The term Hiberno-Norman is used of those Norman lords who settled in Ireland, admitting little if any real fealty to the Anglo-Norman settlers in England. It refers to both the origins of the community and the dialect of Norman-French used by them as they developed in Ireland from 1169 until the eclipse of the Hiberno-Norman community in the early seventeenth century. In the process they became Hiberniores Ipsis Hibernis. The prefix "Hiberno" means "relating to Ireland or the Irish", from Hibernia. The de Burghs or Burke Family , FitzGeralds, Butlers and de Berminghams are the more noted among them. ("Fitz" is a particularly Hiberno-Norman prefix, meaning 'son', cf. modern French "fils" with the same meaning).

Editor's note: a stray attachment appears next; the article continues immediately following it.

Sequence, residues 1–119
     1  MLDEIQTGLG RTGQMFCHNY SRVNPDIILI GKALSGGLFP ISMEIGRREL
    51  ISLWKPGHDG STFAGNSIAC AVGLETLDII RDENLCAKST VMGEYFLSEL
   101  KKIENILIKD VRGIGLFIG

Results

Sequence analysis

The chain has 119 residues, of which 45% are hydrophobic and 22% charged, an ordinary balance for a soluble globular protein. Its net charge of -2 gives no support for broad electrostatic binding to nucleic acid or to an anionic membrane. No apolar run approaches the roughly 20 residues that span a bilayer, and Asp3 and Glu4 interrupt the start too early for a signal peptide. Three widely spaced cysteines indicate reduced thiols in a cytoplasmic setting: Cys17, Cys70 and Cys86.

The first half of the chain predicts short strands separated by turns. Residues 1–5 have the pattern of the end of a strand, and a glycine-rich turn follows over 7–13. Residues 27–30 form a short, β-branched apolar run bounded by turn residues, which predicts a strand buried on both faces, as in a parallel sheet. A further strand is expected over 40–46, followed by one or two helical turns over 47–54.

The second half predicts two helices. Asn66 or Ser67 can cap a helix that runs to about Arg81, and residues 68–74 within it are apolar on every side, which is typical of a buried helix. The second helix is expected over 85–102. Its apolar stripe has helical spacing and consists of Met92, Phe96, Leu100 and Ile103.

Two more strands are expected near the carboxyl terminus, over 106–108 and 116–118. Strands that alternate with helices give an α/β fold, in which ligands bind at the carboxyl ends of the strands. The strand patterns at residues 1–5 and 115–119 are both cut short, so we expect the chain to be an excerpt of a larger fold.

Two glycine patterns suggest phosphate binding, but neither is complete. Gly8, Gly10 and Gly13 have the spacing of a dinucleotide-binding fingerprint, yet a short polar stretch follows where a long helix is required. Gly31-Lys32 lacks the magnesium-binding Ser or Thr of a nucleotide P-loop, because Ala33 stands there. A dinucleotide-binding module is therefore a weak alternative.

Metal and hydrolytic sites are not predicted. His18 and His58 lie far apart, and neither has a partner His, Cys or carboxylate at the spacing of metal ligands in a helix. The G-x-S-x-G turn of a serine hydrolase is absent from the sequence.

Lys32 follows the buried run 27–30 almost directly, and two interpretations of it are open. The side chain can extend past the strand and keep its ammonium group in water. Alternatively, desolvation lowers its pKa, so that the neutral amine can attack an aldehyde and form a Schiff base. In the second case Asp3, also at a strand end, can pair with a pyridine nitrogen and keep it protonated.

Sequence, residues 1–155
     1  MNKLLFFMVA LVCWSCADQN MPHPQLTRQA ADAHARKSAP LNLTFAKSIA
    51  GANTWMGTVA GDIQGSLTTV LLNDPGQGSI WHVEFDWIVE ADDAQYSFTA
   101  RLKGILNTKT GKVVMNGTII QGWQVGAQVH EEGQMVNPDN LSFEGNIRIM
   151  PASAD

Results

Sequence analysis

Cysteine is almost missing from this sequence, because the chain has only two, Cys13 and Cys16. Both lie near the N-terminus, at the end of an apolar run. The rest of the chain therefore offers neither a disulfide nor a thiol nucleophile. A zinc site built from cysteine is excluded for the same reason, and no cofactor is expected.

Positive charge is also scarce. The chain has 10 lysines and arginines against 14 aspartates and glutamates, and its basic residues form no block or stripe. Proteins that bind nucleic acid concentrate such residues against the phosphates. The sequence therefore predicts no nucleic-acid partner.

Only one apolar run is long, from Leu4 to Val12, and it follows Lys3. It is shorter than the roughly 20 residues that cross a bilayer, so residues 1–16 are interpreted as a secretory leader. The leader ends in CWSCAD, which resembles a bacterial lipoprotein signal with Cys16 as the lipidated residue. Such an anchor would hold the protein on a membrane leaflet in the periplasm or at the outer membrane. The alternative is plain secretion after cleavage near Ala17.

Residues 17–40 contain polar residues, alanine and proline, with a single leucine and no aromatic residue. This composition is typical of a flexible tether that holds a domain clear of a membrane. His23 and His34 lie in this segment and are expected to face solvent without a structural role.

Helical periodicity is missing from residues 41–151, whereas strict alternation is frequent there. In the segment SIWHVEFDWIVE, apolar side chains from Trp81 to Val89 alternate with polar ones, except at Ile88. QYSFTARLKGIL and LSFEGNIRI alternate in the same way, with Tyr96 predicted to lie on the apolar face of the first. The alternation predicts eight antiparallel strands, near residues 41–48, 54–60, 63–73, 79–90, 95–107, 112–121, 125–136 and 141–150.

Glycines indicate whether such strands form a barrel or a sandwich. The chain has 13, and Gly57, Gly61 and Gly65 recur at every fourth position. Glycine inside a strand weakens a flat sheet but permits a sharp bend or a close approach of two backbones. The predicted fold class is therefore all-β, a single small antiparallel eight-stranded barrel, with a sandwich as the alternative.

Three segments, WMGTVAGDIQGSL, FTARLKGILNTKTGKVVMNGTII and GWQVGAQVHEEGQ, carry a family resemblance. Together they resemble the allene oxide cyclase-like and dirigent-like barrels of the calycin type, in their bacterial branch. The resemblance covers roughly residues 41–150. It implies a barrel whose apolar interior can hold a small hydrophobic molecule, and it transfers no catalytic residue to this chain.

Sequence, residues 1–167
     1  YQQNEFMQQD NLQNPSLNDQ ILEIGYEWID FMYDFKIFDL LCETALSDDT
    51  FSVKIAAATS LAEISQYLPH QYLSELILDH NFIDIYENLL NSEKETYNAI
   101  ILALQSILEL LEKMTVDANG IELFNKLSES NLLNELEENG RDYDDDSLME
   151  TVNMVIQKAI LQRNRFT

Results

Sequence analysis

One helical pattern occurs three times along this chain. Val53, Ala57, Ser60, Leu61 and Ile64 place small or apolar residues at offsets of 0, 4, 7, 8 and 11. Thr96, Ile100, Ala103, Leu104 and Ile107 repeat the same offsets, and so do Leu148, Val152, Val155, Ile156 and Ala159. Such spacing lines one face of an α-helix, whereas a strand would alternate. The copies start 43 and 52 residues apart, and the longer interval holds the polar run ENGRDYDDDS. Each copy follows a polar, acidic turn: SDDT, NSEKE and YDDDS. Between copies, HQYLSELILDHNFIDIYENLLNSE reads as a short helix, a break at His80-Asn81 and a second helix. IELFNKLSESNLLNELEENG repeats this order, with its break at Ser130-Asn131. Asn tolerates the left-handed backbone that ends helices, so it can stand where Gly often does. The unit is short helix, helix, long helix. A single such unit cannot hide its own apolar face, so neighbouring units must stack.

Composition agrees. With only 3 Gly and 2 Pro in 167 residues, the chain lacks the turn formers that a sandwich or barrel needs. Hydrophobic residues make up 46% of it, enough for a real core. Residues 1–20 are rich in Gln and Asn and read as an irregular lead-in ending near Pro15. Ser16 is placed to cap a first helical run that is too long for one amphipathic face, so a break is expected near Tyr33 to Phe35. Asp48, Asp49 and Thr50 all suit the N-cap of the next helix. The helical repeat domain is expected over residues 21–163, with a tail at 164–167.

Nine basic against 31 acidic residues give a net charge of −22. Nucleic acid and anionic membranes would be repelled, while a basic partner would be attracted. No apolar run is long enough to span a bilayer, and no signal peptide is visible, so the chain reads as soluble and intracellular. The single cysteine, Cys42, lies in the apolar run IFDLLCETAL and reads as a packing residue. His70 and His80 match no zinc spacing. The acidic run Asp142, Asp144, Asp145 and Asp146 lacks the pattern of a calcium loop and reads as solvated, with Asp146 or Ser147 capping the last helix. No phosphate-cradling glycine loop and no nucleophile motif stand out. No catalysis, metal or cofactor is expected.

By the late 16th century, the Hiberno-Normans began to be referred to as the Old English. In the Irish language, they were known as the gaill or "foreigners". Englishmen born in England however were called Sasanaigh or "saxons", and there was a very strong distinction made between Gaill and Sasanaigh in the Irish annals, with the former being referred to variously as Fionnghaill or Dubhghaill depending upon how much the poet wished to flatter his patron.


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